Movie Rating 5/10

Review Paul Cooke / Source Region 1 NTSC DVD

Sherlock Holmes (2010)
Director Rachel Goldenberg
With Ben Syder, Gareth David-Lloyd, Dominic Keating,
William Huw & Elizabeth Arends

What works very well is the on screen relationship between Holmes and Watson. Ben Syder is extremely well cast as Sherlock Holmes, in what appears to be his first on screen role. Alongside Gareth David-Lloyd, hardly recognisable from his clean cut sartorial suave as Ianto Jones, from the BBC TV show Torchwood, the two are commendably selected choices for the iconic pairing. The texture of the film is also noteworthy as it has an aged look that adds authenticity to the period in which the movie takes place. Almost a brown hue that is associated with those decades old family photographs from yesteryear.

Release the Kraken !. May 19th 1882 amidst the English channel traverses a vessel of the realm, a treasury ship with a bounty that even a good Christian would mutiny over. It is not however a wayward crew, nor an over whelming sea that besets this craft this day, but a mighty octopus risen up from the very depths of the ocean. It’s all tentacles on deck as the sea creature tears into the ship, grabbing at sea fairing sailors like plucking wayward wisps from an untrimmed lady garden.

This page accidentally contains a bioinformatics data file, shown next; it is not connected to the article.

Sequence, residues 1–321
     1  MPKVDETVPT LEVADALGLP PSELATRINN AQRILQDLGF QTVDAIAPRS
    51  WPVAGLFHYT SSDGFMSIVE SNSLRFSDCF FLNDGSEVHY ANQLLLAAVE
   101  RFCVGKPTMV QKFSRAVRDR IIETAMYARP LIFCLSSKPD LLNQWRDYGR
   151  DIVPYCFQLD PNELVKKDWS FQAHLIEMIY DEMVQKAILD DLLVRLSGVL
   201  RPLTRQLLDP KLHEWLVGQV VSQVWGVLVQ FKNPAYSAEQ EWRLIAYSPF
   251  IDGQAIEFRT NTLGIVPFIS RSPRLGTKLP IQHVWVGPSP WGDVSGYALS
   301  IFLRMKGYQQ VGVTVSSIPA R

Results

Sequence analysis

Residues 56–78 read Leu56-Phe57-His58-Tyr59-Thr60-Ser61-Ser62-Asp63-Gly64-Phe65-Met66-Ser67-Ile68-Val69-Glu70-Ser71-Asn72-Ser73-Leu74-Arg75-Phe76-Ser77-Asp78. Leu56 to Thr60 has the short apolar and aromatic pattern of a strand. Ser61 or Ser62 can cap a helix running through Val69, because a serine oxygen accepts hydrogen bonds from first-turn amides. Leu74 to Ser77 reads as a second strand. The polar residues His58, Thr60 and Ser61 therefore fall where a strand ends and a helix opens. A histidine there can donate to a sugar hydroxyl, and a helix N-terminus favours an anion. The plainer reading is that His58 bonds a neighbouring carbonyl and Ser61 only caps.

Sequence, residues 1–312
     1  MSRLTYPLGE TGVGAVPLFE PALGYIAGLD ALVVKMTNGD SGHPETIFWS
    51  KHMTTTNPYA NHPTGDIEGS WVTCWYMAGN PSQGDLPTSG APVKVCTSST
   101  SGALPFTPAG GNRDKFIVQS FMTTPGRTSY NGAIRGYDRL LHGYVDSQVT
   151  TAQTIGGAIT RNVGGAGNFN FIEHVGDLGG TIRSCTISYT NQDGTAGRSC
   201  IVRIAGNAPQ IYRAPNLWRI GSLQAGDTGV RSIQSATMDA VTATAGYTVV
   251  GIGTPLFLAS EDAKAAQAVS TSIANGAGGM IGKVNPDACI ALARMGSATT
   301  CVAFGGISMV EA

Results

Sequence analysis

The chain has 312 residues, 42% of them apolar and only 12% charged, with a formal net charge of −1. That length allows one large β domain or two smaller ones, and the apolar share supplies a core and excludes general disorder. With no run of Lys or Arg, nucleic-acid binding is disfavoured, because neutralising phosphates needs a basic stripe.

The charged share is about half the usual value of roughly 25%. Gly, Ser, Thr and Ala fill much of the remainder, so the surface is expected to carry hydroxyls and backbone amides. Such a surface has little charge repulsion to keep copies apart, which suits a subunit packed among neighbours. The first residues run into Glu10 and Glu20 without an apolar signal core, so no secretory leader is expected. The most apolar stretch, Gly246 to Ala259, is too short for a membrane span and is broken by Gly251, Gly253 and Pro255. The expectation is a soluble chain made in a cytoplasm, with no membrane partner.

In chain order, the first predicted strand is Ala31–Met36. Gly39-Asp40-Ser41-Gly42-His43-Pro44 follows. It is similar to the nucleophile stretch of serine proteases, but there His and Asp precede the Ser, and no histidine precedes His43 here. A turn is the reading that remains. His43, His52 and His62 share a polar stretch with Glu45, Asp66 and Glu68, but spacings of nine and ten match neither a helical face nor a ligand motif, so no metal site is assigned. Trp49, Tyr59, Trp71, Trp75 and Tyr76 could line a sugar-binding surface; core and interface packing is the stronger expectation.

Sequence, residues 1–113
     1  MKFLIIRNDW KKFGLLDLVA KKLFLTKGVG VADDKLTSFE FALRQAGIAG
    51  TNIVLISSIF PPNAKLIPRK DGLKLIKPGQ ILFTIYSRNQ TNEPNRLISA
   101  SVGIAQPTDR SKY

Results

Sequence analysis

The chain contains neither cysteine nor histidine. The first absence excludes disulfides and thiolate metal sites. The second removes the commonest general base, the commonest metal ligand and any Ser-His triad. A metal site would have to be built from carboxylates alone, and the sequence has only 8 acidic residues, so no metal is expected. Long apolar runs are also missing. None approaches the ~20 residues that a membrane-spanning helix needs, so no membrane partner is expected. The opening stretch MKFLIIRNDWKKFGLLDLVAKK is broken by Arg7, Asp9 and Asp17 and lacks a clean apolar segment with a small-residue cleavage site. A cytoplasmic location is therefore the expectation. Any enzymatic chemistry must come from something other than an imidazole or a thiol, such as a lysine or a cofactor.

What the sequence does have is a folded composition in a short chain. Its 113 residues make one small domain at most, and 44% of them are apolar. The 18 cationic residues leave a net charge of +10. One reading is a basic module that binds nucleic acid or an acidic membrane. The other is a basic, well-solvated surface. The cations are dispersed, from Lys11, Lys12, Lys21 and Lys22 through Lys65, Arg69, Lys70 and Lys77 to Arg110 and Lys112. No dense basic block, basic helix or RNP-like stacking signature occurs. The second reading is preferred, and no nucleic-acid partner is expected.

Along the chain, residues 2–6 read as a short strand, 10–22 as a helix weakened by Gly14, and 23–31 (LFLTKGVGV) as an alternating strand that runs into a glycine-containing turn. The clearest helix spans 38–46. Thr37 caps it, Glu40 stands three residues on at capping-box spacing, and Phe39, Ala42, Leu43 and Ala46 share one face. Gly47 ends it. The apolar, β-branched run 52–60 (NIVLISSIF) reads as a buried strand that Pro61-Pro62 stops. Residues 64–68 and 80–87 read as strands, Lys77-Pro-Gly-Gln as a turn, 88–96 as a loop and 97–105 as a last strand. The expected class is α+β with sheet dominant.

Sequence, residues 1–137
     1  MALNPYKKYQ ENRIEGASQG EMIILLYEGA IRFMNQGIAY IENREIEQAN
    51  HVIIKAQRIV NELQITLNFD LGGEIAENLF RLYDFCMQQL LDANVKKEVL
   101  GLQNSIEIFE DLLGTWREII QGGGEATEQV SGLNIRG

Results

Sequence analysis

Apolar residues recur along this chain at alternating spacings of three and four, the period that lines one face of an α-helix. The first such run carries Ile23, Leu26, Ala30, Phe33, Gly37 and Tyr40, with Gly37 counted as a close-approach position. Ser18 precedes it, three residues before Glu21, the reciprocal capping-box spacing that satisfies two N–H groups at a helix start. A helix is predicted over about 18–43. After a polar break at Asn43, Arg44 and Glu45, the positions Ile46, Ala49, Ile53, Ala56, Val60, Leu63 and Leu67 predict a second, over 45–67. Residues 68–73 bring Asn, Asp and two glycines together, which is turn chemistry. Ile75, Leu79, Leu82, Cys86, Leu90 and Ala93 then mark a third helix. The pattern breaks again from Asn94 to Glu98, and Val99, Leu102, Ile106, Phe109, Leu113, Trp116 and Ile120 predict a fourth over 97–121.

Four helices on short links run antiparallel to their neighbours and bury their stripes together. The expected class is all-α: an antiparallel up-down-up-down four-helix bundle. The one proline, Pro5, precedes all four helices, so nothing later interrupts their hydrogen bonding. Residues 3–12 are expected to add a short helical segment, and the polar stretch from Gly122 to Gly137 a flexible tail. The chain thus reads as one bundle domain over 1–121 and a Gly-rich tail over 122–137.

1. While I agree that their Holmes and Watson play off of each other well, they are completely wrong for the roles. They are simply not Holmes and Watson to anyone that is remotely familiar with the material.

    While I agree as well that the film can be fun, it is ultimately so insulting to the characters that it gets wrong. It would be like if you made a fun movie with a blond Dracula. You could have fun with it...if the hair color was not constantly reminding you of the issues.

    On the plus side, it is good to see that I was not the only one pulled into reviewing this odd movie.

  2. Hey Alec, I could not agree more with you about Holmes & Watson in the true sense of what Sir Arthur Conan Doyle created in his characterisation.
    This is 'B' movie nonsense though & I would truly hope that any true follower of the classic interpretation would not be popping down to their local Movie Rental Store blindly picking up this title. It would be like flicking through the address pages to discover Sherlock Holmes & then knocking at the door randomly at one of them expecting a fellow answering in a deer stalker hat, smoking a nifty pipe !. Mind you, in this crazy world we live in today ;) .
    The Asylum's silly take on Holmes & Watson is just that, and obviously a cash in on the Hollywood release, which I have not yet seen but am equally looking forward to doing so.
    This is all escapist Fun viewing Alec, sometimes more tedious than others, but its what I love to do to unwind. As far as being 'pulled into reviewing' it's all just down to me & the lure of the ludicrous. Movies are majical, it's just some 'Disney' work as well as others & are a little 'Goofy'.
    This version of Sherlock Holmes will appeal to a minute section of the world film loving populace, but in sharing here if I can introduce it to just one more person who gets some Fun out of it, then that is what this Blog is all about.
    Here's looking forward to any potential sequel The Asylum may ladle up. I'll be there for it, readied to view in my pointy teath & white wig ;) .

  3. I believe an amazing B movie and quality shoot for the money attached. Excellent performance from Anesidora Ivory - 'Elizabeth Arends'... anyone seen what else she has been in? I would like to see more....